If time hangs lightly on your shoulders this weekend, here are a few of the week’s best reads.
Pierce went over this, but you aren’t going to read a more gripping an enraging story this weekend, and maybe not all year, than the story of the Senate’s CIA torture report, by Spencer Ackerman in the Guardian. This is part 1 of 3. It’s a story of betrayed ideals, malevolent ass-covering, personal courage, and a political system that, since 9/11, became more and more insidiously militaristic and that erred nearly unquestioningly on the side of “Security”. It’s in quotes because it isn’t actual security, as in a discussion of what policies would make us the most safe, but a genuflection to whomever seemed to be the toughest actor. It’s fear and its politics and it is people who want to live out their sick fantasies, unconcerned with the real danger it does to our democracy, and to the actual humans involved. We haven’t come close to understanding the internal ways that day changed our country, and how everything about our political and personal lives has been mutated.
Speaking of that, the Combatting Terrorism Center has a retrospective on what we’ve learned in the last 15 years. It’s the 100th issue of this now-venerable journal, which has produced some great insights and attracts some of the sharpest minds in counter-terrorism (as well as this author). While Brian Michael Jenkins’ look at the last 15 years is the centerpiece, of particular interest is “The Political Economy of the Decline of the Islamic State“, by Jacob Shapiro. It’s a nice reminder that while they seem like beasts out of a storybook, holding territory means being part of the real world, and being beset by real world concerns, which they haven’t been able to handle (unlike, say, Hezbollah).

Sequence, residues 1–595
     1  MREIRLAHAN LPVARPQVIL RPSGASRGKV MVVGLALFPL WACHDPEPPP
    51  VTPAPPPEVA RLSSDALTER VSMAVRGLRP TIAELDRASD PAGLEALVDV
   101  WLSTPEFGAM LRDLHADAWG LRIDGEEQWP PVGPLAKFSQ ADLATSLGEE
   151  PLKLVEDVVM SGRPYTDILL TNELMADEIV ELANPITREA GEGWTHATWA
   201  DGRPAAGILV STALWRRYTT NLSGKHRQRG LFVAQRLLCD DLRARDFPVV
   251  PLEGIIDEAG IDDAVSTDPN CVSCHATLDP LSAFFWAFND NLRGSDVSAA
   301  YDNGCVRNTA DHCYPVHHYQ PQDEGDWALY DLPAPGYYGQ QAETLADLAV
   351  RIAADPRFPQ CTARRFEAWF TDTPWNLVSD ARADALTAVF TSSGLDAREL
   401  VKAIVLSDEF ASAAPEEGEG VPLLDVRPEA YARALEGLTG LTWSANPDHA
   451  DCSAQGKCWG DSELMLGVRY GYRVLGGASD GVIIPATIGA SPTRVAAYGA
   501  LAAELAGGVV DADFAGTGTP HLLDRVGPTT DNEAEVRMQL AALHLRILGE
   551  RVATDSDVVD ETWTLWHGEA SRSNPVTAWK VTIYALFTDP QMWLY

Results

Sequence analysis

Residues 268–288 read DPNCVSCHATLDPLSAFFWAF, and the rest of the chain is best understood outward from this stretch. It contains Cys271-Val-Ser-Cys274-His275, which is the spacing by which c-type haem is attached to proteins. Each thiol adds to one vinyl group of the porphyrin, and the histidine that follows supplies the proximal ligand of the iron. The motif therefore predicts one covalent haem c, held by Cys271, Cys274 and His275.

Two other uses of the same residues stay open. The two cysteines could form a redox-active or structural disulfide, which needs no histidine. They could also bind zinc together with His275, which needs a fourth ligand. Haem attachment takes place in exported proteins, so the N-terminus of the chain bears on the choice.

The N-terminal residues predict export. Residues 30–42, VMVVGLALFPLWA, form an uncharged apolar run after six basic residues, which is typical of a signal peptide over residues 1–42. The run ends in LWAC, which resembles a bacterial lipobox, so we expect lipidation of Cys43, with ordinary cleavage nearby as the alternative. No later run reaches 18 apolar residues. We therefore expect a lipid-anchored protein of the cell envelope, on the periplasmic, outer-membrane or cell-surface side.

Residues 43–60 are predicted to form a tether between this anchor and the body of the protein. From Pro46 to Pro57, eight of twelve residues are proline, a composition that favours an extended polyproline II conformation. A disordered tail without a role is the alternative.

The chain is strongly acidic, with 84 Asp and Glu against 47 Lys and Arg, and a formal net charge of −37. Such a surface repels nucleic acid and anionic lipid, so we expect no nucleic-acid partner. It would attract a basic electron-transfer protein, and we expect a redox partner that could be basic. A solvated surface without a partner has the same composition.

Hala al-Dosari has a good piece in the Sada Journal on how Saudi Arabia is struggling for control over the Sunni world, even while it clashes with Iran over power politics and religion. Its internal politics are influencing the way it exports religion. It is good to remember that, despite its historical and current importance, the region wasn’t always central. During the Ottoman years, it was a broken backwater. Leaders paid tribute to the hajj, but the heart of the Muslim world was Istanbul. Saudi preeminence isn’t permanent. (There’s also an article today on what Saudi Arabia wants in Yemen, which I haven’t had a chance to read, but will maybe write about next week. Stay tuned!)
Charles Mahron at Strong Towns has sort of an election-based clarion call to action about the real infrastructure crisis, and how it relates to the American penchant for quick fixes instead of long-term goals, which seems to be the heart of our economy.
In a nation that has spent more than seven decades frantically spreading out, there are trillions of dollars of unproductive infrastructure already in the ground today waiting for us to make better use of. Every city has long stretches of road and street, curb and sidewalk, pipes, pumps and valves that have nothing on them. Even more have something of low value, something that needs to be improved to a higher order of community wealth. There are an endless number of parks that have parking lots but aren’t designed to radiate value to surrounding properties. There are tens of thousands of downtowns that are cut off from their surrounding neighborhoods by nasty stroads. Neighborhoods in decline where there is an unnecessary bank run on confidence. Libraries, schools and community centers in fields on the edge of town. The list is endless….
Happy weekend, everyone!